Why local governments fail to understand the Fifth Amendment takings clause, I will never know. It’s only been the law for 220 years or so, after all. It is rare that I can open the paper – or read a news site – and not discover a new example of an old problem: the government taking property without paying for the taking.
We see this happen in New Jersey quite often — in fact, Jonathan Wood just blogged about another case in NJ just yesterday. And we filed an amicus brief supporting a different New Jersey property owner yesterday, as well.
Thomas and Carol Griepenburg own property alongside the Garden State Parkway – right by Exit 69, in fact. The Griepenburgs hoped to develop that property, entertaining offers from a variety of developers, but the township’s leaders had a better idea: they decided the Griepenburgs should keep their property as undeveloped open space in the interest of the rest of the community. The Griepenburgs may have agreed to that if the township paid them for their property, but the township apparently preferred an involuntary donation, instead.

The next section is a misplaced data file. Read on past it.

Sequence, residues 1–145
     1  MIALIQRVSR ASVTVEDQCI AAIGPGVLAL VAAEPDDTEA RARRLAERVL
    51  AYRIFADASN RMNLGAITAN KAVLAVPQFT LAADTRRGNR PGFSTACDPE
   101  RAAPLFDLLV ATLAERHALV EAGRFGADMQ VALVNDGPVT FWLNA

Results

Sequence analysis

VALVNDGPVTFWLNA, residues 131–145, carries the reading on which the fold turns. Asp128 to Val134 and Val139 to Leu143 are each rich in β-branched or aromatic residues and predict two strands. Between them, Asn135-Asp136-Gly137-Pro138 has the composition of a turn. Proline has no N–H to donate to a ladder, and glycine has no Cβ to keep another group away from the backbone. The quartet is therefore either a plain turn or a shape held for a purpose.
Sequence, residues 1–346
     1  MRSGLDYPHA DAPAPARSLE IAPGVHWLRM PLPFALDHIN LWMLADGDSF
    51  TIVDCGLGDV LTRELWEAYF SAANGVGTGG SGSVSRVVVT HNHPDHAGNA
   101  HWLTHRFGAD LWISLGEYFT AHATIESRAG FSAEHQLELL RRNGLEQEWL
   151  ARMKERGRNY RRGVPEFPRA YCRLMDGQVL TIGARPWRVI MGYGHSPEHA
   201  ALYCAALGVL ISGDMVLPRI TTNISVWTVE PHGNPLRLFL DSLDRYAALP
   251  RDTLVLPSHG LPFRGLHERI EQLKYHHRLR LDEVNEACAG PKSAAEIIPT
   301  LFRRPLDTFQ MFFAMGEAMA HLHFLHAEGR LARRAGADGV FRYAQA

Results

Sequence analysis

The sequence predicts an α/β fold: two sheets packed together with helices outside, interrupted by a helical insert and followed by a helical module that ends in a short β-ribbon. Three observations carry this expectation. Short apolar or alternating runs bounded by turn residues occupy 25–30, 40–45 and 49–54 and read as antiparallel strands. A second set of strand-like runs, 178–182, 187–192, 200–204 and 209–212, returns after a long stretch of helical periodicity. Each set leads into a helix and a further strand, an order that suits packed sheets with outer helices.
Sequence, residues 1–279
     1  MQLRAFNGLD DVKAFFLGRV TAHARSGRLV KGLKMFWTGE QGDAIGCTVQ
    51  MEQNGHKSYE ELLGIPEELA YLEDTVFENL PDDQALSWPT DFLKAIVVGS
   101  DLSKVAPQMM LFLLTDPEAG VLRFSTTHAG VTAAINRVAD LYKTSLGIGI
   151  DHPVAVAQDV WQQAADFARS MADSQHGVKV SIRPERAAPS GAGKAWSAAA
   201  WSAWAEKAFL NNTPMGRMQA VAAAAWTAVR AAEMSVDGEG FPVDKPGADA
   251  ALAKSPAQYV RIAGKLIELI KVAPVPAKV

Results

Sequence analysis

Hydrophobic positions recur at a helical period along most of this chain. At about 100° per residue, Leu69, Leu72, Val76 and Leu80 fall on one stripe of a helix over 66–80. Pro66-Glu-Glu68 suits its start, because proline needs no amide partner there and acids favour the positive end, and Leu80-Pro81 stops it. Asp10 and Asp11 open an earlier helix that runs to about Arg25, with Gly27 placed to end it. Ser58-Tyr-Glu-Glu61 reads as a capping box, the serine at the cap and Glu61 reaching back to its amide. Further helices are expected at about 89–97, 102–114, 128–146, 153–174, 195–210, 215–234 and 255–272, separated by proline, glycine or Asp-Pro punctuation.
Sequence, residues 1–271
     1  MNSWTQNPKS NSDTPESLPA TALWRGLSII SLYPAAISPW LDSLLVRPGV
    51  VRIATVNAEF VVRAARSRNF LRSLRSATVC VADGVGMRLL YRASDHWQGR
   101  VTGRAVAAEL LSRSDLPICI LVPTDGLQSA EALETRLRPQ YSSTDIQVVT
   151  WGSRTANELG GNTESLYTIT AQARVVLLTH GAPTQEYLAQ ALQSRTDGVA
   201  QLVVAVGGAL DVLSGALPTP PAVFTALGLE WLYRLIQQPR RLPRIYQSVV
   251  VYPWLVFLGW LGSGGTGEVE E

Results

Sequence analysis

Although the trial judge in New Jersey did not have a problem with the town taking the Griepenburgs’ property without compensation, the appellate court did. It told the township that it had to pay the Griepenburgs if the town wanted the property.
The township would prefer to take the property for free, and thus it has appealed the case to the New Jersey Supreme Court. We filed an amicus brief supporting the decision of the appellate court, and these property owners.
If the town wants the Griepenburgs’ property, it must pay for it. So says the Constitution, and so says Pacific Legal Foundation.